As a teen, I used to take for granted the ability to search the internet for buying new songs on iTunes or for purchasing cool board games through a Google search. Fast forward 10 years and we’ve come so far as a society in our ability to use big data and search engines to find anything from a favorite kitchen gadget to an amazing new home.
When it comes to buying a home, rather than relying exclusively on town records, word of mouth or taxes, we have access to an array of search features to make a home purchase. Google explorations alone can tell you more about a community, its amenities and even its demographics. Let’s not forget about search engines like Zillow, which allow for anyone to look at the purchases and records of real-estate properties in any given area. Narrowing down to the nitty gritty of a home purchase allows people to make better informed buys, especially if relying on an inexperienced real estate agent’s perspective.
Furniture and all kinds of niceties, including prescription eyeglasses, can be easily purchased through the internet. Online retail offers a wide assortment to satisfy everyone’s tastes. For example, if Amazon or Ikea don’t have the furniture you need, there’s always more refined boutique store options or completely e-commerce home goods sources such as Wayfair. Wayfair remains especially popular with out-of-state college students, since shipping is free. Retail has become more of a numbers game due to increased search engine capabilities. Let’s suppose you’re interested in getting a dresser made of a nice Cherry or Mahogany wood, but you’re not sure how to get the best price. You can make use of powerful tools like Excel to keep track of all the costs in one place. Some online stores even have price matching for their products, giving more power to the buyer in an already competitive marketplace. With the advent of websites like Craigslist and Facebook Marketplace, it makes it much simpler to buy local, used furniture and decorations.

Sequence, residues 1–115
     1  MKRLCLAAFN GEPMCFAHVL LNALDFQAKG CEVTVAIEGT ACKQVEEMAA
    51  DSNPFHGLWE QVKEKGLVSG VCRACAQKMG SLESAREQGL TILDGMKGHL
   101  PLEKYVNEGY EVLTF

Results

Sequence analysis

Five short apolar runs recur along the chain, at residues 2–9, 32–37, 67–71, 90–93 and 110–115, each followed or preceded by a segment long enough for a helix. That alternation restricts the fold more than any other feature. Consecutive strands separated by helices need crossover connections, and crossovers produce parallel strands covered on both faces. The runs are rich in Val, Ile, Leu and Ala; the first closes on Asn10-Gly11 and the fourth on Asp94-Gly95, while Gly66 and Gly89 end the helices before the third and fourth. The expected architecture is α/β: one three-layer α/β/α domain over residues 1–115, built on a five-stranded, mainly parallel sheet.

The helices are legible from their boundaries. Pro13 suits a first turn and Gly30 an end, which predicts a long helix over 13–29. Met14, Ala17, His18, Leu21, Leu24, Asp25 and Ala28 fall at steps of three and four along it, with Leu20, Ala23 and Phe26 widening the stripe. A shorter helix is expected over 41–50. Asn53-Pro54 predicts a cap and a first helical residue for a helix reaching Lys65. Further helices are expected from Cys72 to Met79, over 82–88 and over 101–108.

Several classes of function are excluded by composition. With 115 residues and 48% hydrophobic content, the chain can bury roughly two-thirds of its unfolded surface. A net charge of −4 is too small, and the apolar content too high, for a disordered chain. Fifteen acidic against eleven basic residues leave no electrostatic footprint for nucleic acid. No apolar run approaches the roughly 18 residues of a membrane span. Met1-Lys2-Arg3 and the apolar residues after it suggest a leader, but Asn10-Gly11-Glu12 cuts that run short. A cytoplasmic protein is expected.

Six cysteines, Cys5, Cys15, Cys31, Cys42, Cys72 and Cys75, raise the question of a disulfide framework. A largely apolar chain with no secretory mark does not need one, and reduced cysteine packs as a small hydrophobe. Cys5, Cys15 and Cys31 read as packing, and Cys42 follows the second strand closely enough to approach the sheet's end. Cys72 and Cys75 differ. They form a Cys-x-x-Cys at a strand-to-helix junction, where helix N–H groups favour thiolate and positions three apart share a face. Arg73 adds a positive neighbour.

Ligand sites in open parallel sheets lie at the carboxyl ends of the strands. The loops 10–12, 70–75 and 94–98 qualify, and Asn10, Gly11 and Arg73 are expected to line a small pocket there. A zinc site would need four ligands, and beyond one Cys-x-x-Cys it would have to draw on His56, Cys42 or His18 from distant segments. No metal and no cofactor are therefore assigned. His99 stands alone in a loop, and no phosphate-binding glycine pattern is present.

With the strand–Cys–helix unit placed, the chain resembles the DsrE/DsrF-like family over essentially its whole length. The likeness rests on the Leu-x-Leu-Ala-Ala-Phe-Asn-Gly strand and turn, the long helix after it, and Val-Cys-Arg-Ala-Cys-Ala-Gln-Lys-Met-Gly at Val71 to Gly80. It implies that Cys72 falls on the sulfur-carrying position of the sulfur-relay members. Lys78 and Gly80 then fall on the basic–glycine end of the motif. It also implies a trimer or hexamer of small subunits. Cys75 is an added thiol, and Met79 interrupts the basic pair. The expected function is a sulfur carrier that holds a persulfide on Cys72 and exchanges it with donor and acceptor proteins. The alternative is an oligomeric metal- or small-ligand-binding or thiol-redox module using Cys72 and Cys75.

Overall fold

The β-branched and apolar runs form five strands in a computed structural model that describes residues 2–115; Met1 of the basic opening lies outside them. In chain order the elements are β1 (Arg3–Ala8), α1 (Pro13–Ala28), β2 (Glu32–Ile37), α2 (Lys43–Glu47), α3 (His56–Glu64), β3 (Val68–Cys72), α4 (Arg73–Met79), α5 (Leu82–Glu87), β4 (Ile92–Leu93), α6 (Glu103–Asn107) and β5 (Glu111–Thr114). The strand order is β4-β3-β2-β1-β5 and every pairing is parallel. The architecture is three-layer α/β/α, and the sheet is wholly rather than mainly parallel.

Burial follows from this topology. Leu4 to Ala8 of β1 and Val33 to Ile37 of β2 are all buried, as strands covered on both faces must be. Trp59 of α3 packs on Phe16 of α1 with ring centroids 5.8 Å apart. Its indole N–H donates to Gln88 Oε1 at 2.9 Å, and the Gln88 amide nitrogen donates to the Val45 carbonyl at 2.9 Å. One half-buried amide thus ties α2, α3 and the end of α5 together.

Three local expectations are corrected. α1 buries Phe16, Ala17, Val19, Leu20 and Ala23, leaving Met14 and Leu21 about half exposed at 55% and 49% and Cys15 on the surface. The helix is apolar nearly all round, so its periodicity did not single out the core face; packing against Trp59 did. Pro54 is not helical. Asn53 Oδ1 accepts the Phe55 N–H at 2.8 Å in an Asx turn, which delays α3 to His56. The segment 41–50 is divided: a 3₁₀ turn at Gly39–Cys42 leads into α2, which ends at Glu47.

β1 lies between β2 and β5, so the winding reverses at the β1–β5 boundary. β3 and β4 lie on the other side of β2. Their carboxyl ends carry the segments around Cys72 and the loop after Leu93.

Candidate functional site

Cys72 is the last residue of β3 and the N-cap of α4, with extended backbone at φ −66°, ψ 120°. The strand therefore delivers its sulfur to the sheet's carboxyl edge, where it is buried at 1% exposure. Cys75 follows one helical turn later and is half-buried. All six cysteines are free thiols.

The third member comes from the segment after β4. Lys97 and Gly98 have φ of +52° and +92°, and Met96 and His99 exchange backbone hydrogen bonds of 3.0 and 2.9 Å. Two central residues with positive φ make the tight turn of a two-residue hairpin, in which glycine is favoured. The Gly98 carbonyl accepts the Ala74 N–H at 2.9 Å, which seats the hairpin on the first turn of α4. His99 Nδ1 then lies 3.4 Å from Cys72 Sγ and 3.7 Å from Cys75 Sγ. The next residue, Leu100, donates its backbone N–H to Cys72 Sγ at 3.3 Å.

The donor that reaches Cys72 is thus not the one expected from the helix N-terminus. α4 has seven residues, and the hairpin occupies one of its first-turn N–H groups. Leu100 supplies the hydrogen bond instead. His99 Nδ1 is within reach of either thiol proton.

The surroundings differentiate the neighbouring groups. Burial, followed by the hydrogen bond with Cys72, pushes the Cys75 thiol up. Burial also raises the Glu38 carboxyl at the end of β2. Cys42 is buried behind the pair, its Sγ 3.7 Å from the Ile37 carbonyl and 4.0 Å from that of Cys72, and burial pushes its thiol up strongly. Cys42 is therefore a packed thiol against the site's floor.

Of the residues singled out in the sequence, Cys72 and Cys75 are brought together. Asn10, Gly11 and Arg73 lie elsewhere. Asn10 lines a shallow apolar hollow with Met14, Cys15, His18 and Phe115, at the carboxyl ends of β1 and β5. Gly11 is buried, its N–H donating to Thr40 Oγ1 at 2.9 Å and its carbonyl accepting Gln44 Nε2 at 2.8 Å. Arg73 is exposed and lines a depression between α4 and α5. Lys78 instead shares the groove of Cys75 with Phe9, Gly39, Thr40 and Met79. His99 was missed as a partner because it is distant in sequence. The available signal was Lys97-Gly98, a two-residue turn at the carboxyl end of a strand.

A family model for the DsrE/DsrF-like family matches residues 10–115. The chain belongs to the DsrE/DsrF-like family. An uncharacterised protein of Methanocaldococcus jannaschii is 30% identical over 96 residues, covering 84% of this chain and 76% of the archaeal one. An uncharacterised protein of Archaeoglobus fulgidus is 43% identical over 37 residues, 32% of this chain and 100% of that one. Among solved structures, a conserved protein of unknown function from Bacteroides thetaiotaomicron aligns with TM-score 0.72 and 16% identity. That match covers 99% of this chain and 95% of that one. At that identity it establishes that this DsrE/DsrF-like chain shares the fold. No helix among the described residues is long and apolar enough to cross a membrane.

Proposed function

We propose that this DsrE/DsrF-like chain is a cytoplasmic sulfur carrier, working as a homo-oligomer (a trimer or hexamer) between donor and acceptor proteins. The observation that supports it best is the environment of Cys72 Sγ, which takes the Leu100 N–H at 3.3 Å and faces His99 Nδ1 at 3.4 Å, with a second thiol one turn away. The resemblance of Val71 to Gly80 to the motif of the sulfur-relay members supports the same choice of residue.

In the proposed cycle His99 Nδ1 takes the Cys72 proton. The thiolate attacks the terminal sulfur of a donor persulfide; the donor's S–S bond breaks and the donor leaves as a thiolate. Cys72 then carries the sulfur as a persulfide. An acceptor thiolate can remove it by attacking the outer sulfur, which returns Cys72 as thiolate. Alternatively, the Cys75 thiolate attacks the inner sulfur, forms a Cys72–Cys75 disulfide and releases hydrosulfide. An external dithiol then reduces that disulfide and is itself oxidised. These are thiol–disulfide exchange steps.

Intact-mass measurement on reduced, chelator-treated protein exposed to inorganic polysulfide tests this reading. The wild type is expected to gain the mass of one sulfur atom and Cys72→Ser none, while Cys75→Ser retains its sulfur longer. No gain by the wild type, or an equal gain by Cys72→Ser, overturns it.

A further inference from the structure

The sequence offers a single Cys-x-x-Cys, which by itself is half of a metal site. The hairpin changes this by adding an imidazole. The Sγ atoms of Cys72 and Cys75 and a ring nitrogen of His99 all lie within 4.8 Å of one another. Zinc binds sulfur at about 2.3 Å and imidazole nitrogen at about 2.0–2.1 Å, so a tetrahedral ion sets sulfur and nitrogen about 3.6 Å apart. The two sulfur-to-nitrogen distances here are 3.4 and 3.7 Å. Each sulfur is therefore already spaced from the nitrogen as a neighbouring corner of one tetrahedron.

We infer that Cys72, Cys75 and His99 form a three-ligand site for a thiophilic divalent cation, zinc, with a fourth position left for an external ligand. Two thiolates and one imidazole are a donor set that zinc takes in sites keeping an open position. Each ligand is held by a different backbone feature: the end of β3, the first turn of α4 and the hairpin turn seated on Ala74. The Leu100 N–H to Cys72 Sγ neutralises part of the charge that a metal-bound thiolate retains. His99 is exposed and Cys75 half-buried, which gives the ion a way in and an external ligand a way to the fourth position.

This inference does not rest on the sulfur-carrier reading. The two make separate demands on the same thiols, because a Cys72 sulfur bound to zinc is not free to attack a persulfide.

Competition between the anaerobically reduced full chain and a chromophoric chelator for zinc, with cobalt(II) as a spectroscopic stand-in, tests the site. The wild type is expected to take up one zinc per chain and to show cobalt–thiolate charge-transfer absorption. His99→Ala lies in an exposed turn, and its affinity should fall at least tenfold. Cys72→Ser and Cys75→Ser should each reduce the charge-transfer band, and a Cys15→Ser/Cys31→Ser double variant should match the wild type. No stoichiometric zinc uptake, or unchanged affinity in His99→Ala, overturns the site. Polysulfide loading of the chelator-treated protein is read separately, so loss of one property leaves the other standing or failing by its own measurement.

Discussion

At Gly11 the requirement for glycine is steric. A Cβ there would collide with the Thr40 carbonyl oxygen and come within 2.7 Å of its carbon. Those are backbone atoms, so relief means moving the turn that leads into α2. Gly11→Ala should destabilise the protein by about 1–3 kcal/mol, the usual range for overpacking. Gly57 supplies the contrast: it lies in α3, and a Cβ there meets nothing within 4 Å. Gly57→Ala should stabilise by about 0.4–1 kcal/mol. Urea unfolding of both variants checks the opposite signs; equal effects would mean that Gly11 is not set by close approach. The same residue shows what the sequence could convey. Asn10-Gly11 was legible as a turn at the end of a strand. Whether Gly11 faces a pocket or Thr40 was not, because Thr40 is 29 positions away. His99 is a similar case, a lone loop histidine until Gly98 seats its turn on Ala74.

Despite having multiple options and readily available data, a downside exists. Before the digital age, the process for buying remained much more relationship based. For example, oftentimes a real estate agent or furniture salesperson would give you a piece of history on a purchase to be decided. While relationship building continues to evolve and many still prefer this kind of sales method, the option to avoid it slightly or even completely continues to be more of a reality.
Is this a good thing for consumers? With the decline of relationship-based selling, it now requires retailers and sales personnel to adapt to more aggressive styles. Big data is being used on consumers in sometimes questionable ways. Psychology has taken a frontline in order to try to deceive or manipulate our spending. Most questionable of all, our digital footprint can be tracked by the same companies trying to encourage our spending. Despite the drawbacks, it’s hard to think of our society without the human contact or the digital search technology we enjoy.